Among the procedural mechanisms of the Constitution are, of course, those of representative government, and Ely would use the open-ended clauses to insure the proper working of these mechanisms. But there is more to the Constitution’s representative government than just machinery; there is also the principle of “virtual representation.” Because of prejudice on the part of the majority, certain minorities, even if they have the vote, may not have effective actual representation sufficient to protect their interests through ordinary political wheeling and dealing. Racial minorities, illegitimate children, and aliens (who have no vote at all) are the classic examples of such groups. They may still enjoy “virtual representation,” however, through other similarly situated groups who have greater political influence, and who by taking care of themselves will also take care of the minorities. But virtual representation will work only if the hostile majority is not permitted to subject the minorities to harsher treatment than it gives itself. If it does treat the minorities differently, it must do so for substantial reasons unrelated to an intent to injure them.
This, then, is Ely’s theory: the open-ended clauses authorize a limited judicial review that would enforce “due process of lawmaking” (a phrase Ely borrows from Hans Linde) by policing the machinery of representation and virtual representation. Such a theory would leave the people to spell out fundamental values for themselves, and would confine judges to functions they can perform well.
Ely did not invent his interpretivism. It was first expressed judicially in a famous footnote by Justice Stone in the 1938 case of United States v. Carolene Products Co., which held that a statute prohibiting shipment of filled milk was “rational” and, therefore, valid. Justice Stone suggested that the Court might subject to more severe scrutiny than a mere test of rationality a statute that restricted “political processes” (that is, the machinery of representative government) or was “directed at particular . . . minorities” or embodied “prejudice against discrete and insular minorities” (and, thereby, deprived such groups, which are politically powerless, of virtual representation).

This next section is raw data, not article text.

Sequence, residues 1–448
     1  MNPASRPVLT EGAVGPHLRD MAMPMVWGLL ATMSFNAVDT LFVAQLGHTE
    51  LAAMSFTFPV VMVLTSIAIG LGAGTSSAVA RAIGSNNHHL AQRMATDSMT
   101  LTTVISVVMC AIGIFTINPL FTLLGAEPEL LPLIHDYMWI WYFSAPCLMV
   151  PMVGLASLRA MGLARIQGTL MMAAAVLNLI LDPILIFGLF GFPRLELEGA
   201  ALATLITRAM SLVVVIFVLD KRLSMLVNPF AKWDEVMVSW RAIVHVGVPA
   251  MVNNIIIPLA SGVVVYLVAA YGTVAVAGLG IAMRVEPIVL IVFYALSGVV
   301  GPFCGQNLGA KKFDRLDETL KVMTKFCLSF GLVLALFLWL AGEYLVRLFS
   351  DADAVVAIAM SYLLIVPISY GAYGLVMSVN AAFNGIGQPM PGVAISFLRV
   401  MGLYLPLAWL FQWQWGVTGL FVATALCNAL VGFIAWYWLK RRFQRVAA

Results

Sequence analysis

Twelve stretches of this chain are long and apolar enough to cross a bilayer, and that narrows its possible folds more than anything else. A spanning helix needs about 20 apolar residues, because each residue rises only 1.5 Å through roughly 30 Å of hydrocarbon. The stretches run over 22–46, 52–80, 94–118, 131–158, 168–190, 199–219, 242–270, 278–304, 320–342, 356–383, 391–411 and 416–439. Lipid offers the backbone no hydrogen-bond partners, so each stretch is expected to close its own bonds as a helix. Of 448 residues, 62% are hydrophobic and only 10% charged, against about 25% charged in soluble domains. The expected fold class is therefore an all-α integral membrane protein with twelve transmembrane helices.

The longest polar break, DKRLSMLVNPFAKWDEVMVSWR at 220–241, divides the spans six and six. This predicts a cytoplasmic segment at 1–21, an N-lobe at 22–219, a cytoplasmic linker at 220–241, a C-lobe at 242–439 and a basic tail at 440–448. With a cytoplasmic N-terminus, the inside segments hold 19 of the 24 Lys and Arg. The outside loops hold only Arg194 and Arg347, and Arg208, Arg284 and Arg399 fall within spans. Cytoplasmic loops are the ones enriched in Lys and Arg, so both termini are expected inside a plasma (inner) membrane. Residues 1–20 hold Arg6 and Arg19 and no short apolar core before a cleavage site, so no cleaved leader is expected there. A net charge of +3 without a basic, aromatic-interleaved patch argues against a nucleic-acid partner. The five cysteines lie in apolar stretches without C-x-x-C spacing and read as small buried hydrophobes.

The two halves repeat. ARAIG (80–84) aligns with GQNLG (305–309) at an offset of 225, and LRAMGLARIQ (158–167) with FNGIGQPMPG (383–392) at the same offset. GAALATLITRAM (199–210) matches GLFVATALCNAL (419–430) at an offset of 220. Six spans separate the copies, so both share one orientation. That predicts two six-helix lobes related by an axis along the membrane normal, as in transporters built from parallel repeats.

Ely believes that the Supreme Court actually began to implement Carolene Products only with the advent of the Warren era. He analyzes the Court’s decisions since then to show that they fall into a pattern consistent with his theory (even though, as he acknowledges, the Warren Court itself often used the language of fundamental values). Ely effectively rationalizes many of the free-speech and voting-rights cases and argues for the revival of judicial review of legislative delegations of authority to administrative agencies. Such review died in the 1930’s a “death by association” with substantive due-process doctrines of laissez-faire economics. It is needed now, however, to overcome the desire of legislatures to avoid difficult political decisions by passing them on to politically unaccountable agencies.